szgpov (included in the 6/20/2006 release of Aszgard as brings real-time raytracing with POV-Ray into Syzygy-based virtual environments. szgpov takes information about the user's head position and handheld controller position, and inserts these coordinates into a POV-Ray scene description file (as camera and wand positions, respectively).

The scene file is concatenated as a multiline string, and saved to disk. szgpov invokes POV-Ray to render the scene (left and right eye for each wall, for a total of twelve renders per frame in the CUBE). The resulting bitmap is applied as a texture completely covering the corresponding wall.

Frame rate in szgpov

Rendering a scene in POV-Ray comprises two distinct processes, namely

These are reported in the POV-Ray statistics stream as ``parse time'' and ``render time,'' respectively. Creating an RTICA with visual interest and complexity requires us to be aware of the attendant effects on the duration of each of these—i.e., by extension, the cumulative effect on frame rate.

Parse time. For POV-Ray, scene parsing follows through all loops, macro calls, etc., meaning the time required may be disproportionate to the size of the scene description text file.

Render time. The time required to raytrace a scene depends heavily upon visual effects used. Atmospheric media, radiosity, complicated textures which include layering, reflection, refraction, and so on, all lead to additional calculations. An object whose rendering is "expensive" in this sense (i.e., CPU time) may consume more time than all the rest of a rendered image combined, even though it occupies a relatively modest portion of the space in the rendered bitmap.

Analysis of is a Syzygy master/slave application. It imports classes from the modules PySZG, OpenGL.GL, and OpenGL.GLU.

The classes of are called POVApp( ), POVRenderer( ), and POVScene( ).

Data corresponding to user input from the gamepad controller is transferred from master to slaves. Each computer then creates a POV-Ray scene description file by concatenating two lists of strings:

  1. The camera description, found in POVRenderer._cameraStringList( )
  2. The core scene description, containing lights, static objects, and the user's wand. This is found in POVScene.__call__( )

The result looks something like this (fully functioning) .pov file:

camera {
location <0.000000,5.000000,0.000000>
direction <0.000000,0.000000,5.000000>
up <0.000000,10.000000,0.000000>
right <13.333000,0.000000,0.000000>}
A basic camera definition. Values are extracted in POVApp.ondraw( ) and passed to POVRenderer._cameraStringList( ).
#include ""
#include ""
#include ""
#include ""
#include ""
Some standard POV-Ray include files. These are similar to C's header files; they contain name-identified scene elements (colors, textures, numbers, etc.) which can then be referenced in the scene file.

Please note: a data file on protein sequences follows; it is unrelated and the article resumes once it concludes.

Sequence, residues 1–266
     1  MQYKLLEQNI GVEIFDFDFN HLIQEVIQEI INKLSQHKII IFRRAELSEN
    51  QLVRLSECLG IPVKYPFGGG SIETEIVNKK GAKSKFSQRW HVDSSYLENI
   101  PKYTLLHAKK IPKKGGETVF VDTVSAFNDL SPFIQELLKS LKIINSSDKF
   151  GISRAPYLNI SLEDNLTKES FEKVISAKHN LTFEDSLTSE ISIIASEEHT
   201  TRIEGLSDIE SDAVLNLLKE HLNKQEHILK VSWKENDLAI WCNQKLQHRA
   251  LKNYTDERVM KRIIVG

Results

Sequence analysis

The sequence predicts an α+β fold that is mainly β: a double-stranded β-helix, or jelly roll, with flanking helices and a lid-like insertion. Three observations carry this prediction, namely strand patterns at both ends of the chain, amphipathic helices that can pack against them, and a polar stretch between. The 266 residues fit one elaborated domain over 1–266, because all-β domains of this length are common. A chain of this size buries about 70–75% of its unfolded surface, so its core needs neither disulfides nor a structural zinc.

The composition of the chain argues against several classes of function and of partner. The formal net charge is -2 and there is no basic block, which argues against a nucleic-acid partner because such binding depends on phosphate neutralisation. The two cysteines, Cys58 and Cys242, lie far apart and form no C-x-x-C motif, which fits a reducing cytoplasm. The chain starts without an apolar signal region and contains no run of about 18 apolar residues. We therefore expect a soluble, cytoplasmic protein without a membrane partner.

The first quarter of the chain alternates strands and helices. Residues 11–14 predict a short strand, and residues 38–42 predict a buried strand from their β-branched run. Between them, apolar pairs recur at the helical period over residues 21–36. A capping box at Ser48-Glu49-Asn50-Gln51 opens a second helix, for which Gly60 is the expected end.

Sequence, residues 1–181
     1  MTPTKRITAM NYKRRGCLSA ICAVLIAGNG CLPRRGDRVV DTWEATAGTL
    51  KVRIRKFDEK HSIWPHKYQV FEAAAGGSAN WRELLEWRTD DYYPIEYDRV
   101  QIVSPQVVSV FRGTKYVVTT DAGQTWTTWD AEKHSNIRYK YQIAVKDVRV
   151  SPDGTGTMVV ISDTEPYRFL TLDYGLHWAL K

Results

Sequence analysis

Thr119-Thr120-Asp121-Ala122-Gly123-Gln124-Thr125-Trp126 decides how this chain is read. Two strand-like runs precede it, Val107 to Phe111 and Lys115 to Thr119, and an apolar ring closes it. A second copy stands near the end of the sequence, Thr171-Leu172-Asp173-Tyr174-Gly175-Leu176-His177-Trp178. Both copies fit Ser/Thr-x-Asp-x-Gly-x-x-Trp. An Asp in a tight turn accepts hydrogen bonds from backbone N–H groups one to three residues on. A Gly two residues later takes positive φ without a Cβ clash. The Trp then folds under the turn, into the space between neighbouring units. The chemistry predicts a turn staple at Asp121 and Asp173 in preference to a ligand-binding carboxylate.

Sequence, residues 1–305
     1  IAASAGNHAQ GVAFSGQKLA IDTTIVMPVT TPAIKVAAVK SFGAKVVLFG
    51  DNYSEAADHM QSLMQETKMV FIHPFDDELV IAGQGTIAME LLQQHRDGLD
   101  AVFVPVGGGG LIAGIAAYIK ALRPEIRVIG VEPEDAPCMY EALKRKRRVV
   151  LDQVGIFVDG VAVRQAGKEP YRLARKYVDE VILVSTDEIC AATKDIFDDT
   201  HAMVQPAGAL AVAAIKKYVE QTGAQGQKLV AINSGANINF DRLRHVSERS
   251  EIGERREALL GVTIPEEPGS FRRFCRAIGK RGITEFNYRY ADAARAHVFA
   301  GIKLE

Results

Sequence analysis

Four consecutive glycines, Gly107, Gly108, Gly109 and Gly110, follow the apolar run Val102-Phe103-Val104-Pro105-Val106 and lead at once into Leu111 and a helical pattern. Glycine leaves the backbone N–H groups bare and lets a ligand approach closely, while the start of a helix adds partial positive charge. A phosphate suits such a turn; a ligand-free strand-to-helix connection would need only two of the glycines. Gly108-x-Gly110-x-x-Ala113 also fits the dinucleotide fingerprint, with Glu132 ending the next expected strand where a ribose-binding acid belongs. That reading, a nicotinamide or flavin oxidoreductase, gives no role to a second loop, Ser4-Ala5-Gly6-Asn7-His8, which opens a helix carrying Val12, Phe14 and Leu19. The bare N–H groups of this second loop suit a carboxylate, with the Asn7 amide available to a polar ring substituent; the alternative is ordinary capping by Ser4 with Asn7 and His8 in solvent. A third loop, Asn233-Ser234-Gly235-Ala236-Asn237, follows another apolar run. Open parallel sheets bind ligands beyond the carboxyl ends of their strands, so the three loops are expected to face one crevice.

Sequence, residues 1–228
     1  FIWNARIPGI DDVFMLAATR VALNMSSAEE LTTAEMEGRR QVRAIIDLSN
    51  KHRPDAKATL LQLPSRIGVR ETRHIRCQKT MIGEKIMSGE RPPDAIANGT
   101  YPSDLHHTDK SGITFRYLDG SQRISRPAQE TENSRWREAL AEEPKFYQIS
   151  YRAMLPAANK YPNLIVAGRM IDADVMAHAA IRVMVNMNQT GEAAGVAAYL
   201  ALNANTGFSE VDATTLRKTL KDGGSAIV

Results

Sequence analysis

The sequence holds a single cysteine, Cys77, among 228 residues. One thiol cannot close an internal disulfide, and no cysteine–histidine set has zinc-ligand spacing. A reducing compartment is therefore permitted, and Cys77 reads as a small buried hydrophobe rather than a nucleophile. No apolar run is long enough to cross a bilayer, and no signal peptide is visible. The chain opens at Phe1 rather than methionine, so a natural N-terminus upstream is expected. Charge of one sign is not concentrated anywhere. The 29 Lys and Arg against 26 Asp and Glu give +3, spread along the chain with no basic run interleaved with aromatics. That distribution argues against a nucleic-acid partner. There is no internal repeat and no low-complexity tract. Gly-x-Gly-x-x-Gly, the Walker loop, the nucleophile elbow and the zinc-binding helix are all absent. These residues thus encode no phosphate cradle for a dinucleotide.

light_source { <2,8,-2> color White }
light_source { <2.796411,7.354927,-2> color White }
light_source { <-4,13,-3> color Red }
Minimal definition for light sources, including location and color vectors. The location of the second light source is animated by the Lissajous function in POVScene.__init__( ). Here each color vector is an identifier, referencing colors (White and Red) established in "".
background { color Blue } Any ray that hits no objects/media gets this color.
sphere { <0,5,3>, .5 pigment {Magenta} finish {ambient .2 diffuse .5 specular .5 }} [S]phere defined by location vector, radius (float), and texture items: pigment and finish.
box {<-.1,-.1,0>,<.1,.1,5> pigment {White} matrix <1.000000,0.000000,0.000000,0.000000, 1.000000,0.000000,0.000000,0.000000, 1.000000,2.000000,3.000000,1.000000>} The wand. A box, defined by opposite vertices (the first two vectors), minimal finish (pigment) and rotation and translation by a POV-Ray 4x3 affine matrix. The matrix values come from the handheld controller in POVScene.update( ) with the Syzygy call getMatrix(1) (which must then be converted to a POV-Ray matrix.
plane { y, 0 pigment {White} finish { ambient 0.2 diffuse 0.3 } }The "ground."

The POV-Ray scene description file generated on each computer is saved as szgpov.pov in the temporary directory base_path/syzygy/ . (E.g., in an Aszgard installation located in c:\aszgard\ , the temporary directory is c:\szg\ .) The MegaPOV command-line executable is invoked with the .pov file as input; it renders a .ppm bitmap as output. Again this is saved in the temporary directory, as szgpov.ppm .

The szgpov.ppm file is converted into an OpenGL texture, and displayed on the wall corresponding to the given computer.